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The Midwest, Not The Middle East, Is Cause Of Soaring Gas Prices

Jim Melwert Jim Melwert
Jim is a "morning drive" reporter for KYW Newsradio 1060, bringing...
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By Jim Melwert

PENNSAUKEN, N.J. (CBS) - Natural disasters, like hurricanes, can have an effect on gasoline prices — but what about a drought?  Analysts say the lack of rain in the midwest is a key factor in the recent run-up of prices at the pump.

Gasoline prices jumped over five percent in July; AAA says that’s the largest increase for the month since they started keeping records 12 years ago.

The travel group says that increase has little to do with the typical factors, like oil supplies or driver demand.

This run-up, they say, has to do with the drought in the midwest.  That drought is hurting corn yields, and that’s driving up the price of corn-based ethanol.  By law, ethanol accounts for 10-percent of all the gasoline we use.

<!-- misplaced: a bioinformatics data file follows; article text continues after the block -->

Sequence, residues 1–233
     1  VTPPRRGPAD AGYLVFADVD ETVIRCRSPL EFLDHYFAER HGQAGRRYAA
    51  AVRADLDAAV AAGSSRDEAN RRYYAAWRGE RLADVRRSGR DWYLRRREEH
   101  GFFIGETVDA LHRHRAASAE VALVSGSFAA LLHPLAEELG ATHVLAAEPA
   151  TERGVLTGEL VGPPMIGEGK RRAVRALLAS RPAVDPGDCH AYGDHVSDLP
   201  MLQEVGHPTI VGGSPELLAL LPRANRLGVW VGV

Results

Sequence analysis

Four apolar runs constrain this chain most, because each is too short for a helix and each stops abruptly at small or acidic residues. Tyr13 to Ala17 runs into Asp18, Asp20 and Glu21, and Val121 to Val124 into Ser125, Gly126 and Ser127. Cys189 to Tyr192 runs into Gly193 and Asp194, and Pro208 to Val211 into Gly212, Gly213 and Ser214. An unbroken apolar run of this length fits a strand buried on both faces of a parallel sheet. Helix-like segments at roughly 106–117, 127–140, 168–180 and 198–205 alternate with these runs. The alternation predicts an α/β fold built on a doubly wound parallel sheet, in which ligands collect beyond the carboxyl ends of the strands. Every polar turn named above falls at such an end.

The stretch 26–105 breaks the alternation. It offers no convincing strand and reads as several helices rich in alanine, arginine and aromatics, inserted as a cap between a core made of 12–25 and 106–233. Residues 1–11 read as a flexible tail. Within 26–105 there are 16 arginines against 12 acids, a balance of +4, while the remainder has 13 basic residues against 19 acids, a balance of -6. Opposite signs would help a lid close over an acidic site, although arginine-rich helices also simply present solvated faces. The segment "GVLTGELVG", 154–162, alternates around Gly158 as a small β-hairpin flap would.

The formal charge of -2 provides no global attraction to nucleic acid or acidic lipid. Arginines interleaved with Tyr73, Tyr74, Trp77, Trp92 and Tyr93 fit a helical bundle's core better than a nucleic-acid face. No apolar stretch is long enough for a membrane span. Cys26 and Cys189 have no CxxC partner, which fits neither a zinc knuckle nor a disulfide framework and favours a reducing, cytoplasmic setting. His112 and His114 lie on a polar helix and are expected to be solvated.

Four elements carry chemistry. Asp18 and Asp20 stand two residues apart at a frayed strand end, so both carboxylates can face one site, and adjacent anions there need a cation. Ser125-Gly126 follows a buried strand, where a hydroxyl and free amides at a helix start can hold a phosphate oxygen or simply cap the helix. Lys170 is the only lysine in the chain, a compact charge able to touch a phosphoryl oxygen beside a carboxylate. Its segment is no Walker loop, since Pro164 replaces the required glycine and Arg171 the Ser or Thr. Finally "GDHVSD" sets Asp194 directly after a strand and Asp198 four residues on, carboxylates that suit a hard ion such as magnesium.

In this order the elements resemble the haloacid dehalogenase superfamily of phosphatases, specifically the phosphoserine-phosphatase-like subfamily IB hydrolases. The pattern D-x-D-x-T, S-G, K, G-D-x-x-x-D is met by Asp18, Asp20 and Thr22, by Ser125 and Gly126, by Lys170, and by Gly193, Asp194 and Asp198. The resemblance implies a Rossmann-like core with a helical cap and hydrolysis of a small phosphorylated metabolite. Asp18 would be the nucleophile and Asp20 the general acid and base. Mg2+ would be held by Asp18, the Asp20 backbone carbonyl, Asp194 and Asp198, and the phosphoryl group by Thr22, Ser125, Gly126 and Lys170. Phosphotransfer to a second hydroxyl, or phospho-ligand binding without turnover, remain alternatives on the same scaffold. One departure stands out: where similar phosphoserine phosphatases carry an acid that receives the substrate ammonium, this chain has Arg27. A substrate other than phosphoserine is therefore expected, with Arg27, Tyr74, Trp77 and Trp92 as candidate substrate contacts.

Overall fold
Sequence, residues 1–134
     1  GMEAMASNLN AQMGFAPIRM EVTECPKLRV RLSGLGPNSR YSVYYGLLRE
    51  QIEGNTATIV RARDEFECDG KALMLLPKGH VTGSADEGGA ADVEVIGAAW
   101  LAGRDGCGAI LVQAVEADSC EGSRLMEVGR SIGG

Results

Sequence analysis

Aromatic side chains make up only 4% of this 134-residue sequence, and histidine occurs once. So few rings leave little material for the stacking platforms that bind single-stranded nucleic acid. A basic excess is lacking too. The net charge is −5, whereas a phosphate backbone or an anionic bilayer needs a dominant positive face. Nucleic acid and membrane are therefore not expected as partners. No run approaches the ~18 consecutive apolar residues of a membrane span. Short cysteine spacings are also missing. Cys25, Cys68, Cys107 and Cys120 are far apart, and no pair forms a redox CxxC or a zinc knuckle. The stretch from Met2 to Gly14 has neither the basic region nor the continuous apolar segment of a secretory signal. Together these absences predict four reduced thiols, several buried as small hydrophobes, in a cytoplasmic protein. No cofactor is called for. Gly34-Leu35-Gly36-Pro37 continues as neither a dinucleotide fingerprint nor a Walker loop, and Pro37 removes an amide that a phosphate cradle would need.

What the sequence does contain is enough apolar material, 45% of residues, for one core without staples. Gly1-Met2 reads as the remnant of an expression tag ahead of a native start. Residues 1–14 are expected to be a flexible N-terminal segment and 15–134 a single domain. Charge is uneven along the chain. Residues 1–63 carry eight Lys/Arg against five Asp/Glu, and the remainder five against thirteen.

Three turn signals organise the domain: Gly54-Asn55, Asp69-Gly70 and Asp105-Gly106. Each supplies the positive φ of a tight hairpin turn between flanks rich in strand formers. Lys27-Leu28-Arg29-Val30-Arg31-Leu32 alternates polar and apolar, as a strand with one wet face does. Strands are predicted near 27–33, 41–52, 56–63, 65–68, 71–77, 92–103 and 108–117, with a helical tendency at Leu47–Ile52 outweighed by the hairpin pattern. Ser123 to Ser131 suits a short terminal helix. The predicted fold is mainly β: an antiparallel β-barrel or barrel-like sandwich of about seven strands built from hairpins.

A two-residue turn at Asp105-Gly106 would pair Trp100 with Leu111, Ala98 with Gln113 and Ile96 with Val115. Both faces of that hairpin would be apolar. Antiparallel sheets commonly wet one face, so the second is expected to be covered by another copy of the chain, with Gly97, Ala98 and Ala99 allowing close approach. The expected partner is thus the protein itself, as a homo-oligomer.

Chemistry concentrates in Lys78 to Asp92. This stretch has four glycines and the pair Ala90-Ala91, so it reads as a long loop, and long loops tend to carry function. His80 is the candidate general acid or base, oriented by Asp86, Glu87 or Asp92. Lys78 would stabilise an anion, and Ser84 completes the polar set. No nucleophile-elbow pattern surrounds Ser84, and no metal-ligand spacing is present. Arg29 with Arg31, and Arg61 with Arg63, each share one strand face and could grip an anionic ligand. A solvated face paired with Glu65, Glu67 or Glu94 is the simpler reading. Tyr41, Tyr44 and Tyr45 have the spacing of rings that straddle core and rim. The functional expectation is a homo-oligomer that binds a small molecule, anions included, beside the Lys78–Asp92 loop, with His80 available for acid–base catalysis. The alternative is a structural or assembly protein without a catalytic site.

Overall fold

Frustrated drivers this morning, say, it seems there’s always a reason for prices to go up.

“The hurricanes, now it’s droughts, next it will be winter’s coming and people will use too much [oil] for heat.  They just keep making new excuses to drive the prices back up.”

Because of the drought, corn’s climbed to record highs, pushing ethanol prices up 17-percent just in July.

More than a third of the corn crop is used for ethanol to meet the EPA’s 10-percent requirement. It’s also driving up chicken and beef prices. Meat producers have asked the government to suspend the ethanol rule to free up some corn, but experts say that’s not likely to happen.